This module provides a chance to explore a variety of ancient approaches to exploration, travel and geography. We investigate texts from the Odyssey to late antique pilgrimage accounts, and we shall encounter a wide range of genres, e.g. fictional adventure stories, explorers' accounts, ethnography, maps and geographical studies, travel guides and geographical accounts embedded in historical works. We discuss different ways in which travel experiences and landscapes can be depicted through writing; you will be able to discover how the ancients approached the world, both the familiar places around the Mediterranean and distant regions which were hardly known.

  • CL-M78 Saints and Sinners in Christian Late Antiquity

    This module will analyse the presentation of various figures ¿ ranging from emperors and empresses to monks and bishops ¿ as heroes and villains in the discourses of the Christian Roman Empire in late antiquity. The core material for study will focus on texts: these will include accounts of emperors such as Eusebius¿ panegyrical Life of Constantine, diverging accounts of the emperor Julian from pagan and Christian perspectives, and Procopius¿ scandalous account of Justinian and Theodora in the Anekdota (Secret History), as well as various classics of the hagiographical genre, such as the lives of St Antony, St Martin of Tours, and St Ambrose of Milan. The module will also consider hagiographical literature produced in the 'Oriental' languages of Coptic (in Egypt) and Syriac (in the Near East). Students will be encouraged, in consultation with the module teacher, to follow their own interests in preparing their written assessments for the module: thus Egyptologists might examine a corpus of Egyptian hagiography, while medievalists might explore the Nachleben of various early Christian figures in the early and central middle ages.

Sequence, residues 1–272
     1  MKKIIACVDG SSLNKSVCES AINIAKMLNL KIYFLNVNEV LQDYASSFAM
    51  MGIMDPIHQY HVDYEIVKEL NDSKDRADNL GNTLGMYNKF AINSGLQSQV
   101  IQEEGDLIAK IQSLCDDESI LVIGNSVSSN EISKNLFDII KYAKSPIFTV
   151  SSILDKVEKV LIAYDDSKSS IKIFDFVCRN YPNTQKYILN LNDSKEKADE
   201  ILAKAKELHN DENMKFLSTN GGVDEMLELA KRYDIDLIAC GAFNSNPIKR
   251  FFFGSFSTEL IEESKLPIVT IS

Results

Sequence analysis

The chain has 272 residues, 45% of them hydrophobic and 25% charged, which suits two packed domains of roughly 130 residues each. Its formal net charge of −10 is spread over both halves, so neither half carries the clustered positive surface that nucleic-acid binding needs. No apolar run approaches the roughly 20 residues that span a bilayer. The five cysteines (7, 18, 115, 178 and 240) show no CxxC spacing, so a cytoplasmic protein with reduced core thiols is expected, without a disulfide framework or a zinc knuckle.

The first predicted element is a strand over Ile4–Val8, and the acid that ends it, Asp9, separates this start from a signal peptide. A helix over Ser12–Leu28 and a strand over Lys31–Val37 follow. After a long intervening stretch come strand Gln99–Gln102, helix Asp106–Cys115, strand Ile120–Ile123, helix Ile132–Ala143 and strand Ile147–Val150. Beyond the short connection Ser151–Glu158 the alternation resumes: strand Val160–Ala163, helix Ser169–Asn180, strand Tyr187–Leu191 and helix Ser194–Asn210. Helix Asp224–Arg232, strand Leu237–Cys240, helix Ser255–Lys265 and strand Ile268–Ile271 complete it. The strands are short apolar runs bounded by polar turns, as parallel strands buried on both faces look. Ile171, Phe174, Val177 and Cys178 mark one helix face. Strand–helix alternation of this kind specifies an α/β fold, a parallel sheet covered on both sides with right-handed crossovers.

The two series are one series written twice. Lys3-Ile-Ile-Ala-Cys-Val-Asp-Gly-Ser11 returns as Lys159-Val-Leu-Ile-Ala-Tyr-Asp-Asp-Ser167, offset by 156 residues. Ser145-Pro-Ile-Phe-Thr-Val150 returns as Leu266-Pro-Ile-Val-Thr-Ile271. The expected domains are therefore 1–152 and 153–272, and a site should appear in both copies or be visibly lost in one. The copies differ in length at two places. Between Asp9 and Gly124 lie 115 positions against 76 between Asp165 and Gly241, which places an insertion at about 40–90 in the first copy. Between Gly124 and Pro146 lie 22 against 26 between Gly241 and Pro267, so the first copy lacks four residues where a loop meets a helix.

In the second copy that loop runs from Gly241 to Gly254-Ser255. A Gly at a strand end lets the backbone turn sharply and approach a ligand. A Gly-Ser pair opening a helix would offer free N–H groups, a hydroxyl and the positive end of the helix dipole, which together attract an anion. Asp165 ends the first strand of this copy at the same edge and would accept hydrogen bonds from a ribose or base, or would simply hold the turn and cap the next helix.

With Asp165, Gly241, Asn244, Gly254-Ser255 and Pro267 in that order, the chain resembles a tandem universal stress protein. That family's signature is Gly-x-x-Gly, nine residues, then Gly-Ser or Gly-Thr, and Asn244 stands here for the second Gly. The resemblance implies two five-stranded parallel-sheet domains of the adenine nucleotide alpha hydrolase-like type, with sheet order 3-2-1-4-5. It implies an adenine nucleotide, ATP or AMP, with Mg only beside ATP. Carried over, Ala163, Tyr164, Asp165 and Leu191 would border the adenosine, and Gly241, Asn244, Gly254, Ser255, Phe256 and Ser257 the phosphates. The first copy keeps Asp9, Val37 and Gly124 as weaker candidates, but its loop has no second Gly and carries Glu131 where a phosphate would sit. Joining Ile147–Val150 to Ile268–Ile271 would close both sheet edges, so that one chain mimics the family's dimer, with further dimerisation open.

• CLD300 Classics, Ancient History, Egyptology Dissertation

    Dissertation module for students doing single honours or joint honours degrees in Classics, Classical Civilisation, Ancient History or Egyptology. The aim is for students to do detailed research, to work on a project for several months and to produce a scholarly study of c. 8000-10000 words. The dissertation topic can be chosen freely, in consultation with a member of academic staff and subject to compatibility with a student's degree scheme and availability of supervisors and library material. This is a chance for students to pursue an area in which they are especially interested, and to deal with it in depth. Students may choose to do museum-based research. There are two preparatory pieces of assessment: an abstract, outline and bibliography, and an analysis of crucial source material and/or secondary literature. Work on the dissertation itself takes up most of the two semesters. Students are expected to do research independently, but there is a series of lectures in the first semester to provide advice on research and scholarly writing, Every student will be assigned a supervisor who will be organising group sessions with his/her supervisees and who will also be available for one-to-one supervision sessions.

  • CLH150 Rome from Village to Empire: An Introduction to Roman History